But do we really want to know who we are? And is this fear of knowing in reality a fear of self. Is it a fear of what I might find if I scratch the surface a bit? Is it a throbbing apprehension of what sits down there in those dark places that would forever brutalize me should I bring it to the light? Has my life been so marked by running from myself that running to myself is something that I don’t even understand how to do? Is my goal to reinvent myself rather than rediscover myself because what I think I’d discover isn’t all that appealing? Or do I assume that an image is something that is crafted rather than something that is cultivated?
The Richness of Running to Self
I would propose that the most potent person I can become begins with the solitary yet immensely challenging task of being the person I am. That may in fact be the most difficult part of this journey that we call life. The greatest ‘me’ begins with the authentic ‘me.’ That means that I must be willing to park myself wherever I am at, rein in my rather rogue passions, forcefully yet tactfully strip away all the facades, and accept whatever I find as my point of departure.
While I tend to run from me, I need to decide to run to me. And in the running I am going to seek out and boldly seize the strengths that I have ignored or altogether abandoned. It may well be that I have spent my life incessantly looking for things outside of me that are already within me. It would be entirely prudent to embrace an entirely different tact that involved recognizing these hidden attributes, learning to warmly appreciate them, and then robustly enhancing them in a perpetual cycle of personal growth that we could have hardly imagined as possible.
Where It Begins
It begins with intention not bridled by fear. It involves the impetus of possibilities to offset the impotence of impossibilities in order to actually challenge the impossible. It’s an intention to grow despite the obstacles that currently lay across our path, as well as press through the obstacles that will arise as a response to our efforts to press forward. It all begins with a passion to grow that will not heed nor be dimmed by the challenges that in and of themselves will bring growth simply by virtue of our choice to engage them.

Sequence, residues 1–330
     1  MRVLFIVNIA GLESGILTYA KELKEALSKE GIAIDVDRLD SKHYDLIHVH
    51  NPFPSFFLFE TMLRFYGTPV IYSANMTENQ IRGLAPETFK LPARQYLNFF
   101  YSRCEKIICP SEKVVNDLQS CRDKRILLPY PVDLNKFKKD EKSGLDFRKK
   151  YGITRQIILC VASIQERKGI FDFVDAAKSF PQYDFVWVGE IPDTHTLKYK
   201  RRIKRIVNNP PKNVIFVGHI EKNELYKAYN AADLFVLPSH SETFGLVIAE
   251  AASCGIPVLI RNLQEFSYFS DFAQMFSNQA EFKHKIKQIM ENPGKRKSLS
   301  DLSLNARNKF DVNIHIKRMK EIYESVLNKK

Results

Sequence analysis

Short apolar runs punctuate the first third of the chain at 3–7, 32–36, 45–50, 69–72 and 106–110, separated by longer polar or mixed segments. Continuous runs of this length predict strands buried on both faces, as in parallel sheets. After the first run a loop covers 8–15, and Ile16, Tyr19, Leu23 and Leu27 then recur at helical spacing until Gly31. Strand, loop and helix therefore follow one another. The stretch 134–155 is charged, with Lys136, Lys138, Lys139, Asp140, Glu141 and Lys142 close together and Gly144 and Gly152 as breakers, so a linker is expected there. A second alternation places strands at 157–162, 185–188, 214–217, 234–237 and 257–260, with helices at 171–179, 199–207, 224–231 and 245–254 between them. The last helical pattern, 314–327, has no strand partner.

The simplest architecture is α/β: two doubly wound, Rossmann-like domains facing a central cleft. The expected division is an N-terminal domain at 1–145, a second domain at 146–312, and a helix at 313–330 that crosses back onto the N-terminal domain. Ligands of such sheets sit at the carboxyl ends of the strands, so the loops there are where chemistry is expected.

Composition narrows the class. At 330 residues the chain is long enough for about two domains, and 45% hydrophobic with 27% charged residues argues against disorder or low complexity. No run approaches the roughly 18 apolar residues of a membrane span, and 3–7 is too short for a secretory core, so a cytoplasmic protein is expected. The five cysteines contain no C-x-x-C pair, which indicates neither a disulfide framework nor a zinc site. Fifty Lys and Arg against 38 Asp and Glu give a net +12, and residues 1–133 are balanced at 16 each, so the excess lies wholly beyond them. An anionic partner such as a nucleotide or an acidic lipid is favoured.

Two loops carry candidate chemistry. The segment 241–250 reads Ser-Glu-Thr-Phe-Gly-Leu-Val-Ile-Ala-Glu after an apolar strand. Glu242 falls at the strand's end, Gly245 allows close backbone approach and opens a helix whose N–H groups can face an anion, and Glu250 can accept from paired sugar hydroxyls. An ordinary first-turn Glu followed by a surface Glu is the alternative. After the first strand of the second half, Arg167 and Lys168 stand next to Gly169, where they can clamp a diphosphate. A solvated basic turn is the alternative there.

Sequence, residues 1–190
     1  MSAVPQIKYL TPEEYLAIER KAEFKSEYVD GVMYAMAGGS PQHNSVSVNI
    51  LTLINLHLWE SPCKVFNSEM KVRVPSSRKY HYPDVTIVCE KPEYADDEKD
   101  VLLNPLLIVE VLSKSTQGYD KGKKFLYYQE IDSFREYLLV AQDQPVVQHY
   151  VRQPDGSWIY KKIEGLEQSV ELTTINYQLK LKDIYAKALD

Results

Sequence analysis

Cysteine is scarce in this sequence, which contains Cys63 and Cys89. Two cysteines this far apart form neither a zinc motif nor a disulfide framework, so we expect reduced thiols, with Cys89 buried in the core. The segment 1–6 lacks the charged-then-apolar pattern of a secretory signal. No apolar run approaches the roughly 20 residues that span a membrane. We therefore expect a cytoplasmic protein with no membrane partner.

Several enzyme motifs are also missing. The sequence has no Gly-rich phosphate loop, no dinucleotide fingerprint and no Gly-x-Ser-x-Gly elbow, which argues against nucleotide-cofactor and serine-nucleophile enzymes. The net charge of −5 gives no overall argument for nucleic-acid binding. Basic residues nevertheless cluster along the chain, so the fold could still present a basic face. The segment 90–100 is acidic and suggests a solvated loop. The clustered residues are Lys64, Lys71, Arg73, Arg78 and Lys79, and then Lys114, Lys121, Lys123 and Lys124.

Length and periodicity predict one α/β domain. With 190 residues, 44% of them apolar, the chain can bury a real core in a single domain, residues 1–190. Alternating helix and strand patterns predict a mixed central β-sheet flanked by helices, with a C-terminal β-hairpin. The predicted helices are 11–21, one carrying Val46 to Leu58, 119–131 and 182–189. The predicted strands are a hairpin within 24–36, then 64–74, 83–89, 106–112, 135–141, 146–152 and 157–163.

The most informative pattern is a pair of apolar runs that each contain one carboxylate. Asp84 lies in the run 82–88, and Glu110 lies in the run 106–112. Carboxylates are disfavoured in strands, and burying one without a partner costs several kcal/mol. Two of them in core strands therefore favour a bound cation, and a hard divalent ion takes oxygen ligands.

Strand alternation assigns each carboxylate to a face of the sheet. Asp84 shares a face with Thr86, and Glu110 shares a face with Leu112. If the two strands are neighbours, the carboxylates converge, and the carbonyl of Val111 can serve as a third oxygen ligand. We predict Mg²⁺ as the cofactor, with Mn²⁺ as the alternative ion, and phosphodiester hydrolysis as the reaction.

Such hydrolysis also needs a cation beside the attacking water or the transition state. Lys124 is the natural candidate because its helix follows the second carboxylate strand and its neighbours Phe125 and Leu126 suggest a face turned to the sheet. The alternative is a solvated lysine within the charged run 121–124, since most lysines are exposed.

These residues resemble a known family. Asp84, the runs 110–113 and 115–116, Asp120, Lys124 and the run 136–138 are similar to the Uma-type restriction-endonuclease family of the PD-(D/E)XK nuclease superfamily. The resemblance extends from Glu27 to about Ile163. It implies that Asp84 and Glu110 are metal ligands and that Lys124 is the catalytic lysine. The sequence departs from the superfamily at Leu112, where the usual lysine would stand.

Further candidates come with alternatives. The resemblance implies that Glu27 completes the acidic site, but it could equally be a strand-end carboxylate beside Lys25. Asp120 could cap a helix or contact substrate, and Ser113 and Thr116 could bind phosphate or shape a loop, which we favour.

Second, authentic growth can only begin with an authentic start. That means that we must focus on who we are, which is typically quite different from who we’ve become. This focus is achieved by brazenly identifying the assorted facades, fearlessly calling them out, audaciously casting them off, and then embracing both the glory and gore of that which lies underneath. It is that glory and gore that is the raw material from which we build a self beyond anything that any collection of facades could hope to fabricate.
Third, we must secure the resources that are above us and adamantly avoid those that are below us. This means that we refuse anything that generates a lateral move or grants us permission to grow in place, neither of which have anything to do with growth. We must find those people seasoned with wisdom, seize those resources that are unashamedly bold, and be willing to allow those resources to speak into our lives even when their messages are hard and sharp.
The Face in the Mirror
The face in mirror is a great one already which stands ready to be made greater still. It can be done when we choose to press through fear, tear ourselves down to our authentic self, and intentionally seek out challenging resources to assist in our growth. And when we do, the person that we’ve shaped ourselves to be pales in comparison to the person we are now on our way to becoming.